Internet communications

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A statue titled "The Internet Messenger" by Buky Schwartz in Holon, photo by Dr. Avishai Teicher

Introduction

The internet is an increasingly important point of communication with regular and potential passengers. An agency website that is current, clear, and user-friendly can convey information about the transit system that makes the system easier to understand and navigate. Web sites and internet communications that are not clear to users or contain incorrect information could frustrate passengers and reduce trial by potential passengers.

Over the past few years, internet communications have expanded from one-way communication through agency Web sites to dynamic, interactive communication through internet-based applications and social media like Facebook and Twitter. This interactive communication is often referred to as social media or ‘Web 2.0.’ Social media is also commonly used as a quick method for receiving and responding to feedback from passengers.

Additionally, cell phones with internet access, or smartphones, have proliferated in recent years. These devices allow passengers to access the internet while they are mobile, and can be an important means of delivering real-time information to passengers.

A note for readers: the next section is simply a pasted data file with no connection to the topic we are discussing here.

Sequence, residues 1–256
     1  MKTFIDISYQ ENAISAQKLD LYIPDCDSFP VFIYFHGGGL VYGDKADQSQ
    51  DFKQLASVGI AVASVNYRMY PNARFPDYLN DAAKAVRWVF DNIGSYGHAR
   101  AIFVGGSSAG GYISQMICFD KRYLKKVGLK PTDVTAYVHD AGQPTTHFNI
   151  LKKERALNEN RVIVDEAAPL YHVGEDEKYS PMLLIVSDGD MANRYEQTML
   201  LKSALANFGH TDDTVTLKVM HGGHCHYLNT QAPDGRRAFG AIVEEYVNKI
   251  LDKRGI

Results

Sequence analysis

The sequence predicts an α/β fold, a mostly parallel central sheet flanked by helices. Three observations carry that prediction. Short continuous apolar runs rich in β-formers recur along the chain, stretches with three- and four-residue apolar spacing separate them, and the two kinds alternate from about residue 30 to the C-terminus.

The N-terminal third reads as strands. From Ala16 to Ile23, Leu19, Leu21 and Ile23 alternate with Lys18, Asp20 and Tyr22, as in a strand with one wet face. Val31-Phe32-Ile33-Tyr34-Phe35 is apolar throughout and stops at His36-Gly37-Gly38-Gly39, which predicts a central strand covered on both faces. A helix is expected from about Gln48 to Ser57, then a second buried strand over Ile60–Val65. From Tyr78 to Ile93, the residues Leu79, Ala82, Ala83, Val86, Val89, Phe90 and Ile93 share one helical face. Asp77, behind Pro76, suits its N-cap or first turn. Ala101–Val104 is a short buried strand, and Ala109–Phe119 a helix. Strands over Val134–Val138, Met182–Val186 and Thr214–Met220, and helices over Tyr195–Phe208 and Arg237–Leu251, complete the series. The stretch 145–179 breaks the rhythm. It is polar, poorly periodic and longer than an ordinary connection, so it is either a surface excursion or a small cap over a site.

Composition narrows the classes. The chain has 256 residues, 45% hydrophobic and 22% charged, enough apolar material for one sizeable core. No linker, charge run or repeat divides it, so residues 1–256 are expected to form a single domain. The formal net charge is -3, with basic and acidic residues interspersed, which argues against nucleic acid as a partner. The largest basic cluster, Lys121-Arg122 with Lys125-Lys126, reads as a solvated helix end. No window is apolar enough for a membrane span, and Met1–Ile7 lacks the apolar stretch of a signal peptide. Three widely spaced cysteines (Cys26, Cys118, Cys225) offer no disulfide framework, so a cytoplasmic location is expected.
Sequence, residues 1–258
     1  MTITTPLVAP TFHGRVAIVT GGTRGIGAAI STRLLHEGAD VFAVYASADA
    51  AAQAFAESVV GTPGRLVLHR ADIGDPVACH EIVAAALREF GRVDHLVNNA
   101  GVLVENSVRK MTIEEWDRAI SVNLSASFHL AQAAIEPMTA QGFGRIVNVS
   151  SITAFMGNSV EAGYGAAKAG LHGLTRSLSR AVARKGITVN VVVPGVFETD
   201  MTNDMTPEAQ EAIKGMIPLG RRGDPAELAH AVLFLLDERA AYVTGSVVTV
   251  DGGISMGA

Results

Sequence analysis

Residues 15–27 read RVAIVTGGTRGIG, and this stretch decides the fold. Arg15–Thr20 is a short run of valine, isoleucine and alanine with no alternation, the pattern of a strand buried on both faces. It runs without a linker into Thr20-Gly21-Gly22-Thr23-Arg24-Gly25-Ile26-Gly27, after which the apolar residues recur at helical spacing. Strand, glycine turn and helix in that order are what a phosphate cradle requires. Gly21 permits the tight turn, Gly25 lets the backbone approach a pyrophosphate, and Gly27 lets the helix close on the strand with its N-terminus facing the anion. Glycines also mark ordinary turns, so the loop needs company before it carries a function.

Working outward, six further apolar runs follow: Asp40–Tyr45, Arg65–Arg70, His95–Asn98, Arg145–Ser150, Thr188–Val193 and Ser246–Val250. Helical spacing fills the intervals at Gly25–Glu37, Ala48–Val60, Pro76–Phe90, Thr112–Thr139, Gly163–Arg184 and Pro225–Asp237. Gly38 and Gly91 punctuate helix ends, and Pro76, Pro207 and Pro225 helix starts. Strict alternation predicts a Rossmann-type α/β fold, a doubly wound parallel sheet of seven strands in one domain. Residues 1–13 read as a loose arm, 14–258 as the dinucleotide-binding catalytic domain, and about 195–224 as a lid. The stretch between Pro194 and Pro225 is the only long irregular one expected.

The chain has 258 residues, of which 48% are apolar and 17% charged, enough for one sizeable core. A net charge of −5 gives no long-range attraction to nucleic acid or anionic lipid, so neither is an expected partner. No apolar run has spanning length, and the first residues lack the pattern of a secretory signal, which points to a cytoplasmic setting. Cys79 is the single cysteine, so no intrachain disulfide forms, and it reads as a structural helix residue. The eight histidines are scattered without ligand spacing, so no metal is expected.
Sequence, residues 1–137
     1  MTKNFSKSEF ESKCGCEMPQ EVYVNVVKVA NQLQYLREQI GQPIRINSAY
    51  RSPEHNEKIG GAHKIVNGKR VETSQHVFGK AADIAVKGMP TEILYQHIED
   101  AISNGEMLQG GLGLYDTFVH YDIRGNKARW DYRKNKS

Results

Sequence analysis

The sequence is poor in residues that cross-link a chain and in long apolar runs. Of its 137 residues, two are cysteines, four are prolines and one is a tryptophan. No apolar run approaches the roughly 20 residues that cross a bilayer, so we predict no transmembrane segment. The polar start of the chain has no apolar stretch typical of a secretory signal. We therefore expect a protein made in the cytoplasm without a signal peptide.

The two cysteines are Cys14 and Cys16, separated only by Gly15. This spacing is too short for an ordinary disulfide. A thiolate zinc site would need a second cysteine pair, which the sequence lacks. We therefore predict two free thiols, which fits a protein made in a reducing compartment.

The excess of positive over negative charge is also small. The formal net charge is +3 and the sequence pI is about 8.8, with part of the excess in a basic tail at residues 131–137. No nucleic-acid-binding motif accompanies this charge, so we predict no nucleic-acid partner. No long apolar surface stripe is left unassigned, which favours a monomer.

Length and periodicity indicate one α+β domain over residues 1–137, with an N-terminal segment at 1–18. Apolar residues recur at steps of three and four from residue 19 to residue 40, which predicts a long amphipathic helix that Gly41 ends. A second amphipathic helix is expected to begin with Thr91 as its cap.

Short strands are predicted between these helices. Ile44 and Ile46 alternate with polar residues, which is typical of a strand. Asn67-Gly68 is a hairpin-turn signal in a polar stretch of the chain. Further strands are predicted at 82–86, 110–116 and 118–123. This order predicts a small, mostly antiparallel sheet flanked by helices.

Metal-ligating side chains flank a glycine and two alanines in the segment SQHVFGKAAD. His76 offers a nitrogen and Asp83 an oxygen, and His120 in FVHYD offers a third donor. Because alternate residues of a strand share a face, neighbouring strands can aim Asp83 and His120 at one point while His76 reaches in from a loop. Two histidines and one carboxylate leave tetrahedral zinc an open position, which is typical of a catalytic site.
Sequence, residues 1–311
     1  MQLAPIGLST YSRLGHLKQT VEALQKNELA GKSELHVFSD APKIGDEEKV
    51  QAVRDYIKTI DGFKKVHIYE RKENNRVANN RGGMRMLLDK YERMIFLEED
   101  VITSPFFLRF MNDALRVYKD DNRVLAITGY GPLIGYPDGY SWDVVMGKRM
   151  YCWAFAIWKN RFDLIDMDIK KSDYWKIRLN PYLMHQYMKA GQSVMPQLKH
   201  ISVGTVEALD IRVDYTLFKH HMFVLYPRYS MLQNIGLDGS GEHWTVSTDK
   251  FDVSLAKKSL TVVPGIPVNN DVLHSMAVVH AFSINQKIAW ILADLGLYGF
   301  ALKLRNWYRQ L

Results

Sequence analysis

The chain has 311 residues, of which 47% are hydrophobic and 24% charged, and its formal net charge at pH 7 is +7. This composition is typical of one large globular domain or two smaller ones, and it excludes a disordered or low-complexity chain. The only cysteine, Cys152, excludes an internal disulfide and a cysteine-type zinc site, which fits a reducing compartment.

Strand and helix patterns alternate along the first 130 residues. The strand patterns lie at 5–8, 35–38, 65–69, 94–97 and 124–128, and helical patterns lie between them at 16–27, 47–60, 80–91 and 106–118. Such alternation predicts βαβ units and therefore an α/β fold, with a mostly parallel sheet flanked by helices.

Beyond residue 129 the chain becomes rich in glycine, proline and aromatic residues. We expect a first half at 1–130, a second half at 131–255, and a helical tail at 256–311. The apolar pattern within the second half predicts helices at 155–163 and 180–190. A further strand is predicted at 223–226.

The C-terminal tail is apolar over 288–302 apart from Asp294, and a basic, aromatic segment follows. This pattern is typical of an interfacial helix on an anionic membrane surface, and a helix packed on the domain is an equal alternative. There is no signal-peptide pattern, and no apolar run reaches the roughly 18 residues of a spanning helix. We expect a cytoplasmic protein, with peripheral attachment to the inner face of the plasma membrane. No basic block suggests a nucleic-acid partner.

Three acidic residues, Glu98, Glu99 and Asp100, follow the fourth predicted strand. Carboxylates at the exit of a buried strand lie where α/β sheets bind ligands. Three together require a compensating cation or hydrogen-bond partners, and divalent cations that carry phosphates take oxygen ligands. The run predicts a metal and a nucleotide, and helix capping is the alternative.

Benefits

Web 2.0 technologies allow transit agencies to communicate directly with their audiences, rather than going through an intermediary, such as a news outlet, which was necessary in the past. Technologies that enable direct communication between agencies and users also encourage citizen participation and help agencies to be more transparent.<ref name="web">Federal Highway Administration. U.S. Department of Transportation. “Current Uses of Web 2.0 Applications in Transportation.” 2010.</ref> Because websites can house large documents and links to other sites, this allows agencies to provide highly detailed information to stakeholders. This is another proactive way to encourage public involvement and to encourage people to learn more about projects on which agencies are seeking comments.

Internet-based applications like Nextbus can alert customers to delayed vehicles, reducing unexpected wait time and perceptions of unreliability. Twitter and Facebook have also been used by transportation agencies to alert users to emergencies or other unexpected situations. These applications and communications with passengers improve reliability and enhance the overall experience of using transit. Employing Web 2.0 technologies can also improve the image of the agency as modern and user-friendly.